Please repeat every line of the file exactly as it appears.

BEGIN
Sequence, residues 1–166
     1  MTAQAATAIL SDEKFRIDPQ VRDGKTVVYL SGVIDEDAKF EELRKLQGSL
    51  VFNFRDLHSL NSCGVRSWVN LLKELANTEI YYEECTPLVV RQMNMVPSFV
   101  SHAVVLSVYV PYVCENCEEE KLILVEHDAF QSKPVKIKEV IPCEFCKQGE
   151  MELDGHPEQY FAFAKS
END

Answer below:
Sequence, residues 1–166
     1  MTAQAATAIL SDEKFRIDPQ VRDGKTVVYL SGVIDEDAKF EELRKLQGSL
    51  VFNFRDLHSL NSCGVRSWVN LLKELANTEI YYEECTPLVV RQMNMVPSFV
   101  SHAVVLSVYV PYVCENCEEE KLILVEHDAF QSKPVKIKEV IPCEFCKQGE
   151  MELDGHPEQY FAFAKS